Different states take the phenomenon of conspiracy and charge conspiracy differently. In some states, just thinking about committing a crime can be charged as conspiracy and in others, it needs other requirements to fulfill.
What is a conspiracy charge and when penalties are attached to it? Read further to know more about them.
What is a conspiracy charge?
Conspiracy is a crime. A criminal conspiracy takes place when one or more people engage in criminal activity. Regardless if they do not commit the crime to its completion. The crime of conspiracy can be charged to people who plan and attempt further steps and bring it into action.
In some states, someone can be charged for criminal conspiracy even if the crime never happened. The act of planning the crime itself is a violation of the law. Explanation of this law, however, is a bit complicated and nuanced. Sometimes the law turns ‘just talks’ into enough to be a punishable crime and sometimes it waits till the commission of the crime. Several complexities make this area of law intricate to understand.
Criminal conspiracies are punishable by law and are designed to deter potential accusers and criminals from committing crimes and to make sure that the active players in the plan remain accountable for their activities.
Similar to criminal solicitation and attempt, conspiracy is an inchoate crime. This particularly means that to attach a liability, criminal activity does not need to be attempted successfully.
For instance, if two or more people plan to rob a store, the liability of planning a conspiracy will be charged, even if they do not attempt to rob. Here, the substantial crime is robbery, and to conspire to commit is inchoate as it is not implemented.
To charge the conspiracy, the law requires three elements to be taken place;
- Involvement of another person in an agreement to commit a crime
- The intention of committing a crime
- If there’s an overt act in the development of the crime
A criminal defense attorney can help you break down each component to untangle the conspiracy law theory.
1. The Agreement
For a conspiracy charge, the most important component.is the agreement to commit a crime. This agreement doesn’t need to be a written agreement or an in-depth plan. In some jurisdictions, the law enforcement agencies do not even need evidence sometimes to prove its existence.
This means, the parties just have to agree on a plan to be liable for a conspiracy charge. The agreement requires one more person, however, who intends a similar conspiracy.
The members involved in the conspiracy do not have to be a part of the plan from the beginning. If they join later and agree on the plan, they will be liable if they intend to commit the crime.
On the other hand, conspirators agreeing to those who do not show intention to commit the crime will not be held liable. Plus, the conspirators don’t have to be informed of each other’s intentions. They are often referred to as ‘hub-and-spoke’ conspiracies.
Under co-conspirator law, a conspiracy charge needs two guilty minds. If one of the conspirators is acquitted, he will not be liable for conspiracy. An absence of agreement dissolves the conspiracy charge.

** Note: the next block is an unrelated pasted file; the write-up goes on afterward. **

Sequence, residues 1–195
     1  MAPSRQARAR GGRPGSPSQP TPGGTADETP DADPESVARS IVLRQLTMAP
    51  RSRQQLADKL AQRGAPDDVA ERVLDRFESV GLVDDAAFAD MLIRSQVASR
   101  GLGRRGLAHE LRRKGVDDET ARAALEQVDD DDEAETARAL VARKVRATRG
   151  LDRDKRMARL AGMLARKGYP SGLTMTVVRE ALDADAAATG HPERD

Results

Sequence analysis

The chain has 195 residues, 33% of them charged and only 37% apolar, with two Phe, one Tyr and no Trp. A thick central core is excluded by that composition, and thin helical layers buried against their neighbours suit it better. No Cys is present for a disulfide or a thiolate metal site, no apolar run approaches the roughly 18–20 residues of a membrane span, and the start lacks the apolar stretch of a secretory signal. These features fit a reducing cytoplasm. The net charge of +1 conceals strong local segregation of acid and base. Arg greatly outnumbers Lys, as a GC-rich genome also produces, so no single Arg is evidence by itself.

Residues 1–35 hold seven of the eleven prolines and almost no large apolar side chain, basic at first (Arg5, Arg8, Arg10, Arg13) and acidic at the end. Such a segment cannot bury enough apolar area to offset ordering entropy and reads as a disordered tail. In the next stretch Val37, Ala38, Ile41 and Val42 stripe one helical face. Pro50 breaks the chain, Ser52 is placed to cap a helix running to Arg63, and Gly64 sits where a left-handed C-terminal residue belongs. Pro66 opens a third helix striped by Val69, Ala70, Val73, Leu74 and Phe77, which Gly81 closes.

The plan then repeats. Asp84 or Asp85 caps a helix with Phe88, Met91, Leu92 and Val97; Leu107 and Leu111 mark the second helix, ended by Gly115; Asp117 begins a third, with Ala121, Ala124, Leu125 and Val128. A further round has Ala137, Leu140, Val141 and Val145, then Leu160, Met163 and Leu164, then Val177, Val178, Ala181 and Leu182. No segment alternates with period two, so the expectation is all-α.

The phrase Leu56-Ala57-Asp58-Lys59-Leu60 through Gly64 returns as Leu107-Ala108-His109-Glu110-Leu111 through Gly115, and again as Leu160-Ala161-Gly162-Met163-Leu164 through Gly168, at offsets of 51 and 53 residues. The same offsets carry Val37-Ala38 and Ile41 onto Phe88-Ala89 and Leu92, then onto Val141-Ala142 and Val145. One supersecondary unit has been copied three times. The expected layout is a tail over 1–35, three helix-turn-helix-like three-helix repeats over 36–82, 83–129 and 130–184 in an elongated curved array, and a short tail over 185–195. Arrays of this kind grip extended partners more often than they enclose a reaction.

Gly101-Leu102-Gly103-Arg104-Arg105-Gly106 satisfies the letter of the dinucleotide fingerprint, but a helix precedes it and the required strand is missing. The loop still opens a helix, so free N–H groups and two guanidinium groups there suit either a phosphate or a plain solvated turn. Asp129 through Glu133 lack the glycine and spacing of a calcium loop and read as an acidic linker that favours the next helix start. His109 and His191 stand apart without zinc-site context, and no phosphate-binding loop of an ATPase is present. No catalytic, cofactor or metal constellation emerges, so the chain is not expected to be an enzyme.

2. An intention to commit a crime
For charging a conspiracy crime, both parties of the agreement should intend to attempt the crime.
This means that if the conspirators agree to the conspiracy, secretly deciding to not play their part in the crime will not be charged. This happens when undercover police officers, informants, and detectives are involved in such conspiracies, so they are not charged.
3. Overt Act
Typically, there should be an overt act that helps in developing the conspiracy. However, many states like South Carolina, do not need such elements to prove liability. The requirement of an overt act in many small clauses of conspiracy states laws that deal with such types of crimes.
In simpler words, any furtherance that moves conspiracy one step ahead satisfies the requirement of liability. It can even be a phone call. The overt act also does not always have to be illegal and it does not require an attempt only from the defendant.
Penalties attached to the conspiracy charge
The penalties attached to the conspiracy convictions directly depend on the state where you live and the severity of the criminal case that you conspired to commit.
If the conspired act carries felony charges, the conspirer would get felony charges according to the state laws. If the conspiracy act carries multiple felony charges, the conspirer can be convicted with more severe felony charges for conspiracy. The conviction may carry:
- $10,000 in fines
- One-year prison time in county jail.
Federal conspiracy charges carry much-diversified penalty convictions for felony and misdemeanor. If the conspiracy planning involves a federal crime, a conviction may carry five years behind federal bars.
Legal defenses to a conspiracy case
A defendant with a conspiracy charge should avoid these penalties by considering hiring an experienced attorney.
The legal defenses that can be raised against conspiracy charges include:
- Absence of agreement
- Absence of the overt act in the development of the crime
- The defendant pulled out himself/herself from the conspiracy.
If you are accused of a conspiracy charge, it is recommended to have a criminal attorney to protect your rights. A criminal defense attorney will help you reduce the possible conspiracy charges.
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